On one level, this is a tale of someone who appeared to have so much going for her and ended with so little, but I think the strength of the book is that it allows us - the readers - to take what we want from it. For me, it's about that borderline we spend so much time trying to ignore - 'there but for fortune', as the song goes. And it's a challenge to the self-help brigade who persist in chirping on about choices . . because sometimes life just happens, or other people's choices override our own. Sophie didn't choose to leave her children. But despite all the hardships of her later life she retains a sort of crazy dignity - and we are not left feeling sorry for Sophie.
The author's own involvement in the story makes it all so real, and yet her presence doesn't detract from the star of the book who was Sophie. Definitely one of my must-read-agains.
Comment Comment (1) | Permalink | Most recent comment: Jul 1, 2010 11:27 PM BST


An Equal Stillness
An Equal Stillness
by Francesca Kay
Edition: Paperback
Price: £8.99

3 of 3 people found the following review helpful
3.0 out of 5 stars Excellent writing but no surprises, 1 May 2010
This review is from: An Equal Stillness (Paperback)
I'm afraid I agree with the last reviewer. I so wanted to love this book, the theme being close to my heart, but somehow it lacked conviction. Maybe this was to do with the choice of narrator. I couldn't pick up any dynamics between the person writing and the woman being written about - no secrets, no surprises. (Compare Port Mungo by Patrick McGrath, also a story of artists.) Hence, no page-turner. But the writing, as everyone says, is excellent, and an example of word-painting at its finest.


The Hide [DVD]
The Hide [DVD]
Dvd ~ Alex Macqueen
Offered by NextDayEntertainment
Price: £6.07

7 of 8 people found the following review helpful
5.0 out of 5 stars Real men in an unreal situation, 13 Feb. 2010
This review is from: The Hide [DVD] (DVD)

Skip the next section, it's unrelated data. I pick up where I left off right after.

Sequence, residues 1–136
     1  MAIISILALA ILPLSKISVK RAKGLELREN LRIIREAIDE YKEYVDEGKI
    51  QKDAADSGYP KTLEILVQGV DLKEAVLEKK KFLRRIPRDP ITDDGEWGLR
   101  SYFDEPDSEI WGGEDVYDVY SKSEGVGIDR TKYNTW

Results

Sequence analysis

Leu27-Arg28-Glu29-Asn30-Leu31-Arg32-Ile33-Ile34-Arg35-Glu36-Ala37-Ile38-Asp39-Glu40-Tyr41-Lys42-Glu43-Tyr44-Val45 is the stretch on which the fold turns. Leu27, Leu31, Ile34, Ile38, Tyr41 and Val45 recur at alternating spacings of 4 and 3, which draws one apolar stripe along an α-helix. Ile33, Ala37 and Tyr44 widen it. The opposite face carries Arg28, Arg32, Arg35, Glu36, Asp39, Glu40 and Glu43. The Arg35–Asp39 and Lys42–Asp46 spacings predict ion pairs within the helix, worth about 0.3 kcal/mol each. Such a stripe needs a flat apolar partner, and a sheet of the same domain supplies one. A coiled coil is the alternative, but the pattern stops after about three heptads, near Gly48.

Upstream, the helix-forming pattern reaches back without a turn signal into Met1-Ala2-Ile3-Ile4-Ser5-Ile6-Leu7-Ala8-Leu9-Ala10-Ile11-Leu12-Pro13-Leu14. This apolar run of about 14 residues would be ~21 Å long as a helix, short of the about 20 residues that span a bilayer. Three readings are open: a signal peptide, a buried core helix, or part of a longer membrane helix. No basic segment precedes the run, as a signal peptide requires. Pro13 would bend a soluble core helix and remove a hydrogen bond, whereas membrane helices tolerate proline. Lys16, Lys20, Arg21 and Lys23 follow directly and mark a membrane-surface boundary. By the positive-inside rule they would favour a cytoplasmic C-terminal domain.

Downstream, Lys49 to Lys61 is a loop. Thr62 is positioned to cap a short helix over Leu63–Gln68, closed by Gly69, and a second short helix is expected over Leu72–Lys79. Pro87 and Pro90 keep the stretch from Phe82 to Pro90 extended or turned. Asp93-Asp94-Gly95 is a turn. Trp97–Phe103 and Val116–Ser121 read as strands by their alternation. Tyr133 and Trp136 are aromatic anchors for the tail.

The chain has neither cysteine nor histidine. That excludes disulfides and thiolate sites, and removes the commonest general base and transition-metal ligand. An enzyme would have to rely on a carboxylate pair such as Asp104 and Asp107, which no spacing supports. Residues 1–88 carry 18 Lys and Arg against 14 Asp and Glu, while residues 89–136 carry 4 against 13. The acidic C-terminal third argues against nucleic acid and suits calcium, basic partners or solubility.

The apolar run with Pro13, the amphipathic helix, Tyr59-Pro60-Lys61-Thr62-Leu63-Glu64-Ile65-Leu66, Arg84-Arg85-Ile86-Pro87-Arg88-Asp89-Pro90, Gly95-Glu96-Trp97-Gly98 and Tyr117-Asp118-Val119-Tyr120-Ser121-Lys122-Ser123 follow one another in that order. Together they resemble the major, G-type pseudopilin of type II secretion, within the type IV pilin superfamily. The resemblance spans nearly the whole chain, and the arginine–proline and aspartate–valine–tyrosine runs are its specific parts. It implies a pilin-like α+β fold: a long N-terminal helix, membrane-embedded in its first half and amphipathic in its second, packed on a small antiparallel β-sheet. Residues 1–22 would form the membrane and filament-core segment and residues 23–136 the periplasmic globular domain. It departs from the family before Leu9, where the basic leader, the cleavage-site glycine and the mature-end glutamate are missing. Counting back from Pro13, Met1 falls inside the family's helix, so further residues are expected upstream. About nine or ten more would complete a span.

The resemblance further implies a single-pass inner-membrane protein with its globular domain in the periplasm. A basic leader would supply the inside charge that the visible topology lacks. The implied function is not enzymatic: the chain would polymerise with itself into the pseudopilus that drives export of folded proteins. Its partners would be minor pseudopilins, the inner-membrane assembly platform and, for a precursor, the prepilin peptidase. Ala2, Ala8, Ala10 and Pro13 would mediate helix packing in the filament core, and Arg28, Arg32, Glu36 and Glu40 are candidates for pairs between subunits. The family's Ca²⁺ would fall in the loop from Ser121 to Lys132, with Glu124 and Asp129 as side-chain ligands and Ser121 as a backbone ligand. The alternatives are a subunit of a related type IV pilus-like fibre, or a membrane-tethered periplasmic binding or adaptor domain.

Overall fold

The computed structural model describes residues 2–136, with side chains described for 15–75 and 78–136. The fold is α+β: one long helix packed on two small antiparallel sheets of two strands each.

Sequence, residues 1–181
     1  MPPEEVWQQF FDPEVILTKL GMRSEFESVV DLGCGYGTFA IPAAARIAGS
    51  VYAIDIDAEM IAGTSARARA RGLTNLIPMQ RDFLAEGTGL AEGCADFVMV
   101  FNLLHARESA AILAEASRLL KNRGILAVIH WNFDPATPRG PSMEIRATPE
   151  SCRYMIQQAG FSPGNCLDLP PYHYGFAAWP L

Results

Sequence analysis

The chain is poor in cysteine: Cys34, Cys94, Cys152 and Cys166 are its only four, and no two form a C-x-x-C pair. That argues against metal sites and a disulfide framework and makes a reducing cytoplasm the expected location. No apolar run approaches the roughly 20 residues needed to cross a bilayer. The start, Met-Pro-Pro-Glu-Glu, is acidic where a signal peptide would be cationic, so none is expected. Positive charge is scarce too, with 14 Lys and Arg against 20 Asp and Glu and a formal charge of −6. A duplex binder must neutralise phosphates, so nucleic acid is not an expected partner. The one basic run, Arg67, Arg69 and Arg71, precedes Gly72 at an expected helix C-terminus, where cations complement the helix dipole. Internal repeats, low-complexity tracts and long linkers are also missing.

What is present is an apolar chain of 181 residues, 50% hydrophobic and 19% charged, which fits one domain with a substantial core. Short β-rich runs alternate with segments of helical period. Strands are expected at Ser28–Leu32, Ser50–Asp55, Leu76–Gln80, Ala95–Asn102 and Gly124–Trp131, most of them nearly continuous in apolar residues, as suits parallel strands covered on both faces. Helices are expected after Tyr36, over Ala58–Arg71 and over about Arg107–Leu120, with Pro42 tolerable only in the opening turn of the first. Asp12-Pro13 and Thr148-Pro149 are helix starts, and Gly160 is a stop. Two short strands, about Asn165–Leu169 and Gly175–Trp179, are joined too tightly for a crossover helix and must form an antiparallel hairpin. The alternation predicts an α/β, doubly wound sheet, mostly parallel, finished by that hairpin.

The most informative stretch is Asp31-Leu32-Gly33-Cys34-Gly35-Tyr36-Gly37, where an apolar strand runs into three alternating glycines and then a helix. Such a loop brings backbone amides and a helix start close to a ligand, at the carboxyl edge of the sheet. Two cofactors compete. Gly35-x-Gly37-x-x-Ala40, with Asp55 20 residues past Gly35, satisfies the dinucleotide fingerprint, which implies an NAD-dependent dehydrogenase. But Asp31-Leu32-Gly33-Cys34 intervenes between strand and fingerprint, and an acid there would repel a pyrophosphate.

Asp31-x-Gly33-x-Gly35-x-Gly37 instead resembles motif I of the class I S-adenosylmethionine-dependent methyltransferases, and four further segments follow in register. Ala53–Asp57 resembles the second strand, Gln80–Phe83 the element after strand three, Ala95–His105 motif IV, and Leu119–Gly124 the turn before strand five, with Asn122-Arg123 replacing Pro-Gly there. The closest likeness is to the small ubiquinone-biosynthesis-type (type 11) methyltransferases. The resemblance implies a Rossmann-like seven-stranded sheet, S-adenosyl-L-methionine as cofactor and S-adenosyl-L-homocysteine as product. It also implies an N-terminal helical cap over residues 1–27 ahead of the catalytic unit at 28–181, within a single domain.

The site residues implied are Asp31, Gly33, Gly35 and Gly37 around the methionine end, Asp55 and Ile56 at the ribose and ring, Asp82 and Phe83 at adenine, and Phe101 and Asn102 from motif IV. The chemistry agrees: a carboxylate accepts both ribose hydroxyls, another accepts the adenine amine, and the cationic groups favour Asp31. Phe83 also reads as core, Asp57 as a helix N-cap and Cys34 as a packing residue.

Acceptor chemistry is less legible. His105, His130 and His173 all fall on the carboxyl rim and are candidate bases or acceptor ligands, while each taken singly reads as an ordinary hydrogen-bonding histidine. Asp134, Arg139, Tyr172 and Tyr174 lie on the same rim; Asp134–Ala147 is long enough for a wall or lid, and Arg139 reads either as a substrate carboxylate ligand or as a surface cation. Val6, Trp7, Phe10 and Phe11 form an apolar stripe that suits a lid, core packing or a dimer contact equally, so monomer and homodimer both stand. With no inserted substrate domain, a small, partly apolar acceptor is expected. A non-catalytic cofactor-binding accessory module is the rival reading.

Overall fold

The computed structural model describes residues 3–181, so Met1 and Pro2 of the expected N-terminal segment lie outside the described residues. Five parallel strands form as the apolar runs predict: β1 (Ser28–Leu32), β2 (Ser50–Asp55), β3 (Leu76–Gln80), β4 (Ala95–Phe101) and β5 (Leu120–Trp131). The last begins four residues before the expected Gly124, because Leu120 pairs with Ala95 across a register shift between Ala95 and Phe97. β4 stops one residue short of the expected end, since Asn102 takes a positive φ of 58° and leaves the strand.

A near-perfect film: superb acting - the dynamics between the two men are riveting - and just the right length to keep it taut. It reminded me a little of a Tennessee Williams drama ('Suddenly Last Summer' comes to mind) in that it all takes place in one intensely focused setting while incorporating a story from another place, another time, until,in the denouement, both stories collide. To those who like their films action-packed from the starting-line, I would say 'wait and see'. This film is all the more effective by beginning as though it's about nothing more thrilling than the developing relationship between two diverse characters - though if you watch it a second time (as I intend to) you will spot the clues. By turn, disquieting, funny, sensitive, disgusting, macabre. These are real men in an unreal situation.


Wendy & Lucy [DVD]
Wendy & Lucy [DVD]
Dvd ~ Michelle Williams
Price: £7.35

2 of 2 people found the following review helpful
5.0 out of 5 stars A poignant slice of life, 12 Jan. 2010
This review is from: Wendy & Lucy [DVD] (DVD)
A brilliant example of less is more. While some films play havoc with your mind, but leave little worth remembering, this one stays and haunts. As in Lynch's 'The Straight Story' - which is much longer - a single character, played with truth and honesty, can make a film. Wendy, superbly acted by Michelle Williams, lets you under her skin and holds you there. The people she encounters embody the mix of hardness, indifference and kindness that can be found in any community, anywhere, any time. A slice of life, that is neither sentimental nor contrived.